Twitter algorithms

July 2, 2017

These are my rules for making Twitter more useful.

My goal, on Twitter, is a combination of finding fun and interesting stuff and to expose myself to (certain) other points of view. At work we have training on bias, unconscious and otherwise, and on techniques for reducing it and countering it. One of the instructors mentioned that you can’t just wish unconscious bias away; apparently repeated exposure to normalizing examples is required, but it takes time (this is yet another disturbing/annoying way that our brains resemble neural nets for machine learning; in this light, unconscious bias is just the result of a lifelong biased training set.)

So as a rule, by default, if I see a post from an interesting woman, interesting PoC, interesting LGBTQIA person, I try to be a little more receptive to pushing the follow button. Lately I’ve decided, if it’s someone from another country I don’t necessarily hear from, that ought to count, too.

My subject bias is bikes/transit/housing, tech-especially-security, Boston area, Florida, liberal politics, science, cute animals.

But everywhere you go, especially politics and often science, you find trolls. I can’t even tell if they’re really people, and there’s a lot of them. I won’t learn anything from them, they won’t learn anything from me, it’s annoying to see someone wrong on the internet and not reply, but that’s a total waste of time. I tried blocktogether.org and that worked pretty well once I had imported a couple of lists, but then I heard mention of something called “blockchain”, not the distributed ledger algorithm, but instead a Chrome extension for bulk blocking.

So now, if I’m reading replies to an interesting tweet and I see some especially trolly comment, I visit the troll’s profile, and if it also looks especially trolly, then I select their followers. If I see that several other people I follow also follow the troll, maybe I stop there, I scan a few of the followers to see if they also look slightly troll-aligned (and remember, I’m not sure if these are real people or networks of bots) and if they are, then I click the “Run Block Chain” button and wait. For someone with more than about 10,000 followers, this will eventually error out for some reason, but it does add the ones that it scanned before the error. Twitter block chain is open source so I have a prayer of figuring the bug out if I really cared and fixing it in my copious free time but for now it works well enough and few trolls have that many followers.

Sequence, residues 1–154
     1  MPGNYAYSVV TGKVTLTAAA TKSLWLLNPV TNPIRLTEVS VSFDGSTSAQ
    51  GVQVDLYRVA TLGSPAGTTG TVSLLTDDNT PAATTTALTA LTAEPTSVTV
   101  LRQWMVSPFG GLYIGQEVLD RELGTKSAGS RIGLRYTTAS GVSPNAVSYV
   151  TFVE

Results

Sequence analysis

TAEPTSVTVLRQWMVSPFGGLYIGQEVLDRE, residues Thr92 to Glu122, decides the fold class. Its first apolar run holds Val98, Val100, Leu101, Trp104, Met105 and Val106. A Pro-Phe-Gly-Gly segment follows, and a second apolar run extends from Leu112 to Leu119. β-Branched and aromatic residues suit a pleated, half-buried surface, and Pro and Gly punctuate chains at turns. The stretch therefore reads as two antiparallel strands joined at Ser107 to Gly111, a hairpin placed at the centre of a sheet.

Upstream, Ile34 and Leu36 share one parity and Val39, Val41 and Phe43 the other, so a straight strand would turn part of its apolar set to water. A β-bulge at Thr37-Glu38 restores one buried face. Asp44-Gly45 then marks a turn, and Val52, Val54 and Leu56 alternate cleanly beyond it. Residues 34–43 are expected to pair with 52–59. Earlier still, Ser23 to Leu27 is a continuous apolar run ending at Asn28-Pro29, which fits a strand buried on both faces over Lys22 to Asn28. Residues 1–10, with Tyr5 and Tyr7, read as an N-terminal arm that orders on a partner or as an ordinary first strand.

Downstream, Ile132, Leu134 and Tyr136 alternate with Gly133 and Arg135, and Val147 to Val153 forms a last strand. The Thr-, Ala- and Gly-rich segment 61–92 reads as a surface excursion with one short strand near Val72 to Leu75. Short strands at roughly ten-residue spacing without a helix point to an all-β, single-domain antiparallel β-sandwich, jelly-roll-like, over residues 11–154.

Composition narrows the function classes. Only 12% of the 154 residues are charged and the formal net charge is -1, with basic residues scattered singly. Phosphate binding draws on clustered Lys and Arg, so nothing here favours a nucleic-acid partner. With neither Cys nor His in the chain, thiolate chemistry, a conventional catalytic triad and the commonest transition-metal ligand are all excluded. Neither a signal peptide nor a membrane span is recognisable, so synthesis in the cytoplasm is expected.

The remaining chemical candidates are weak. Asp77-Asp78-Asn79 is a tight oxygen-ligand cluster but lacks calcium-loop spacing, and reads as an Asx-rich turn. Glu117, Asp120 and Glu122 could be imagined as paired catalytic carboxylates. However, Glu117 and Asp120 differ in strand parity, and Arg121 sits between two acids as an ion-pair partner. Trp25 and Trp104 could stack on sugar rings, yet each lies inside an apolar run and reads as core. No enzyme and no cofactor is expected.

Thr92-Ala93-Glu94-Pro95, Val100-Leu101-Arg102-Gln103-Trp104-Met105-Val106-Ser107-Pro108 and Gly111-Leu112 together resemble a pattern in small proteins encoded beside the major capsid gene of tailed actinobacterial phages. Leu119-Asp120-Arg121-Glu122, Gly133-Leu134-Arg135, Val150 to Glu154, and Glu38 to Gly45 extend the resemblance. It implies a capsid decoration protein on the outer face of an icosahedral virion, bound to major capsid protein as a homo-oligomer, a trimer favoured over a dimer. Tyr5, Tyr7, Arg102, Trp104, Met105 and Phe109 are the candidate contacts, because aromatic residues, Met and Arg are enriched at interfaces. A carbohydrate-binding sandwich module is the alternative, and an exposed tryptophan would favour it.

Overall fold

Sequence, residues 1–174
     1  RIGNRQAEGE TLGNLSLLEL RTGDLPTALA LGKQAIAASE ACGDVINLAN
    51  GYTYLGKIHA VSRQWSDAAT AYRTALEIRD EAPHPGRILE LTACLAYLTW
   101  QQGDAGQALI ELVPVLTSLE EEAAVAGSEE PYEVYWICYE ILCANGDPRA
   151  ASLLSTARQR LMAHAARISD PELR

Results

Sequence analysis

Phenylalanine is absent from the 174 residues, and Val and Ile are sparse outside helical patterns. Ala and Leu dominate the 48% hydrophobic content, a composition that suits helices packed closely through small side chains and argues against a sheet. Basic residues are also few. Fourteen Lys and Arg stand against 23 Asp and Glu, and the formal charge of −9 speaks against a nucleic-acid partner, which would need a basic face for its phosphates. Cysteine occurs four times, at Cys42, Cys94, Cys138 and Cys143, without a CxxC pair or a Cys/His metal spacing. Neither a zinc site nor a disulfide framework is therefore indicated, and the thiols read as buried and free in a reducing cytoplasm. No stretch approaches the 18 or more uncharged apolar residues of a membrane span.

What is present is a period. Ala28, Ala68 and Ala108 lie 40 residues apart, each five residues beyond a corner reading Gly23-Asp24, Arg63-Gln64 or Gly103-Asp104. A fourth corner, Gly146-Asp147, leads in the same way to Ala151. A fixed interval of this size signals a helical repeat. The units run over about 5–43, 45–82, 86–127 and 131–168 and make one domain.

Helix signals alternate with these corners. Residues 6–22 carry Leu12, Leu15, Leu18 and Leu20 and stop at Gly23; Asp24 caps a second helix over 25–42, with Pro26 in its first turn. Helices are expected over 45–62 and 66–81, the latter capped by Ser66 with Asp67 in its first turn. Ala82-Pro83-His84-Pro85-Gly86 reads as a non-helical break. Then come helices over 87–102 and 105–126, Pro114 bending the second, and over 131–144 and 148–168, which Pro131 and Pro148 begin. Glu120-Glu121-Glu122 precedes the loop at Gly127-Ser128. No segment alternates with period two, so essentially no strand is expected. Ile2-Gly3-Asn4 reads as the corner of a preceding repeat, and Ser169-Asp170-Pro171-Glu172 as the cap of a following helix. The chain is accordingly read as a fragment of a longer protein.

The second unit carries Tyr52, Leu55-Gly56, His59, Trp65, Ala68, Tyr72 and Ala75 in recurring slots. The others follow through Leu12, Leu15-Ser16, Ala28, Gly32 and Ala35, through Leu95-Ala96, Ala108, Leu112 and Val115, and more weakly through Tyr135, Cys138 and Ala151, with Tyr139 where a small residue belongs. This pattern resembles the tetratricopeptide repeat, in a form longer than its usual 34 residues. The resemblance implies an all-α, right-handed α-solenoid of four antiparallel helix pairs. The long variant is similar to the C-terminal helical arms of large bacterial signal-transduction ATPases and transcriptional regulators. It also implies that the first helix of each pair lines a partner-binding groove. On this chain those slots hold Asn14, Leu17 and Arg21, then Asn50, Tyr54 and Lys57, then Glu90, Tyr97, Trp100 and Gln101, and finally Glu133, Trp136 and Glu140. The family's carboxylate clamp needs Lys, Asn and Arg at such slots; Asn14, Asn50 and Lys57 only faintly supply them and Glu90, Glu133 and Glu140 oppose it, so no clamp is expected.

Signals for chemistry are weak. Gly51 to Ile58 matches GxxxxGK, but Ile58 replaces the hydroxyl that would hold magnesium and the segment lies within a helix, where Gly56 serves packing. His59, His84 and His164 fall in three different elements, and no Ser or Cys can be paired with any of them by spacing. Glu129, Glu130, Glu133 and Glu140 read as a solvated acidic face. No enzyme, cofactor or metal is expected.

Block chain will not block someone you’re already following, but inevitably you’ll pick up someone who you’d follow if you knew about them (@soledadobrien follows 338k accounts, including quite a few trolls). Sooner or later you’ll notice someone you’re following approvingly quote-tweeting someone you’ve blocked (this doesn’t happen that often, but it happens) and when that happens, I look through the block to see who it is, maybe unblock them, maybe follow them (this morning it was @deborahblum).
I’m a little nervous that I’m blocking lots of people I might otherwise follow if I knew about them, but after passing 100k blocked accounts the troll chatter is vastly reduced and that’s a real improvement.

One amusing side-effect is that this method bootstraps itself; once you accumulate a few troll-followers in your block list, you’ll find that any new troll’s followers include quite a few that you’ve already blocked, right now around 50% for me. You can use this to quickly sanity-check whether someone you think might be a troll is likely to be one; if a scan of their followers shows a lot of already-blocked accounts, perhaps the rest are worth blocking as well.

It would be lovely/interesting to do something more nuanced — for example, @deborahblum has 17 followers that I “know”, @soledadobrien has 48 followers I know, that could be a rule for not blocking someone in a followers list. It would be interesting to see how many people on my existing blocklist have more than N “discriminating” (not @soledadobrien) followers that I know, maybe review/unblock/follow some of them. (This smells like a sort of 2-sided pagerank to me.)

Someone might ask “why block, why not mute”? I don’t want to see these people, and I don’t want them to see me. There are other people who are actually harrassed on the internet by networks of trolls; I think this is one way to blunt the effectiveness of those networks.

I use the mute button when someone that I’m following goes off on some tedious unrelated tear and I just don’t want to hear about it for a while. It would be nice if muting had a built-in time limit.

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